In this techno-gadget filled era, the art of listening seems to have taken a very different turn. Multi-tasking is all the rage and how much active listening takes place is up for debate. With small children it takes on a greater significance as they need eye contact, hand-holding and repeating of key points. Listening with your eyes, listening with your heart, listening without judging and arguing, sitting beside them or kneeling down to make eye contact are all important aspects of effective communication with young children. And these aspects have to be applied from an early age, otherwise the parents will be left with “yes/no” answers, everybody’s favorite one of “nothing” in response to what you did in school today or worse still “I don’t know.” On the other hand, success with these techniques early on in a child’s life will nurture self-confidence and will give courage to the child to talk about difficult or uncomfortable things.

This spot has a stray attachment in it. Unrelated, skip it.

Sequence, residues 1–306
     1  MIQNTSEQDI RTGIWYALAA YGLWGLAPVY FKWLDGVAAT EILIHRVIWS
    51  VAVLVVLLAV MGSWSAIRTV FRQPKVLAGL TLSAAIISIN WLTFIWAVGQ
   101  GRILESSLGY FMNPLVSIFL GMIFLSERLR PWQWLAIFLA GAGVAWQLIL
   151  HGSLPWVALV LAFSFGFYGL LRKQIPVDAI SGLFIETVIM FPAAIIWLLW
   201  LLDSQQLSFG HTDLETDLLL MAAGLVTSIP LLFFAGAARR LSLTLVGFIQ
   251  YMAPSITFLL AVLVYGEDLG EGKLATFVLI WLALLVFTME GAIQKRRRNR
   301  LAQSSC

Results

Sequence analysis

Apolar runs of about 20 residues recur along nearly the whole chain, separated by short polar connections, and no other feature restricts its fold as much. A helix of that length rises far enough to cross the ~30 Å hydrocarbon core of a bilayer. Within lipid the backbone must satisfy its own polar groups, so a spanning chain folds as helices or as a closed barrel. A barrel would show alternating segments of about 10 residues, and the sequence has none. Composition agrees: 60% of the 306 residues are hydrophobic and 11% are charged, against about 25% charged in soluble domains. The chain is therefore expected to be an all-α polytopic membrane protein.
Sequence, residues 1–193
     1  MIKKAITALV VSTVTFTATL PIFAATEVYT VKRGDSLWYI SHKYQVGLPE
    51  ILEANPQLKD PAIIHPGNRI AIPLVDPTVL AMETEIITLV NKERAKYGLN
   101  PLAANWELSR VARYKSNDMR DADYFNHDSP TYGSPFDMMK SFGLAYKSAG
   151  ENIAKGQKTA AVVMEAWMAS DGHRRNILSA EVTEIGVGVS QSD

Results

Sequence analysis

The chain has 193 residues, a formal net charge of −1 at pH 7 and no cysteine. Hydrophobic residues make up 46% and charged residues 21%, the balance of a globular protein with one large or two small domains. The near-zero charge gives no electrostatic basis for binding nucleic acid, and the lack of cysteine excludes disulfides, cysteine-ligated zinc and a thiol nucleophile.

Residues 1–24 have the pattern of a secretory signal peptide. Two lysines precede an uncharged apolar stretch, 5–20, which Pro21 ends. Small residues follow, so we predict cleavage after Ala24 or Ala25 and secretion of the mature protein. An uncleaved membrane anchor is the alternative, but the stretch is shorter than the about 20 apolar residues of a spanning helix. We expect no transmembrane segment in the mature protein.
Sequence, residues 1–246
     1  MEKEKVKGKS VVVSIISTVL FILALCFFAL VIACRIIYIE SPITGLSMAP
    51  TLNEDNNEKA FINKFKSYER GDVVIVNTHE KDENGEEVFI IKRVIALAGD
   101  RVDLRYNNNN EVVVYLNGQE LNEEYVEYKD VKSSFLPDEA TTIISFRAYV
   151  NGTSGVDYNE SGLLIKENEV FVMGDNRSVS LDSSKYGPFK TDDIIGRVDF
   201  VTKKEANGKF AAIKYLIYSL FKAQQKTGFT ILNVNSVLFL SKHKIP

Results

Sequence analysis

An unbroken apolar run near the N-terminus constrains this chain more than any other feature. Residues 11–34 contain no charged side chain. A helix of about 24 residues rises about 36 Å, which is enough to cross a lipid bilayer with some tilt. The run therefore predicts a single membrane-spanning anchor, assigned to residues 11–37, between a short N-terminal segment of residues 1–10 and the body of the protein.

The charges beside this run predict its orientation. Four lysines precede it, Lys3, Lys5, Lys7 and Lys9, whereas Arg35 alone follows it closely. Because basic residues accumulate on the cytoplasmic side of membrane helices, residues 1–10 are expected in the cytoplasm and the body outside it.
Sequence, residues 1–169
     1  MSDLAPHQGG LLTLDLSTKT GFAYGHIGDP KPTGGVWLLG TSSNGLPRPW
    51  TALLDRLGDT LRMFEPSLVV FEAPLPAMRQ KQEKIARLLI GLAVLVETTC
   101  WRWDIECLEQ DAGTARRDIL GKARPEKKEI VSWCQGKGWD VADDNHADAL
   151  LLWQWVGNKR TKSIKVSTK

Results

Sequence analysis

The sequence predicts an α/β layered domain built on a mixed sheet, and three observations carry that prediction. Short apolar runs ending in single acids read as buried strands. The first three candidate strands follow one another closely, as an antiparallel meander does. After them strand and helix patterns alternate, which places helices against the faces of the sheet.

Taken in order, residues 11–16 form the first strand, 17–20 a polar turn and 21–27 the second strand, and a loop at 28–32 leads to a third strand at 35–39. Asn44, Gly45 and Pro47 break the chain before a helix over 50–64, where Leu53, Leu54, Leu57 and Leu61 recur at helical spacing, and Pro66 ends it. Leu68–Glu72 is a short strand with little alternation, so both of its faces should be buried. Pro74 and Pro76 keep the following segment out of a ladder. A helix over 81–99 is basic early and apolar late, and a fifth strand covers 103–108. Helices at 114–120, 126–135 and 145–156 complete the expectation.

The other important quality to demonstrate when listening to a child is patience. We are all very busy and want to rush through conversation. A child may be thinking of the words to use, their grammar might not be perfect, they might be hesitant and there might be long pauses. The child needs to feel that all these things are perfectly normal and not be hurried into a quick conversation that does not allow him/her to express feelings and emotions.

In summary, yes, we all love our children. The quality of love, the expression of the love and the form that the love takes are important factors that help create an environment in which the child feels loved. This in turn to leads to the child feeling comfortable expressing their thoughts, feelings and emotions in an open and accepting manner.

“Children have unselfish love. They are innocent onlookers. They observe the actions of the elders and they learn their lessons from the home much earlier than from school. So parents have to be careful in their behavior with the children and between themselves” – Sathya Sai Baba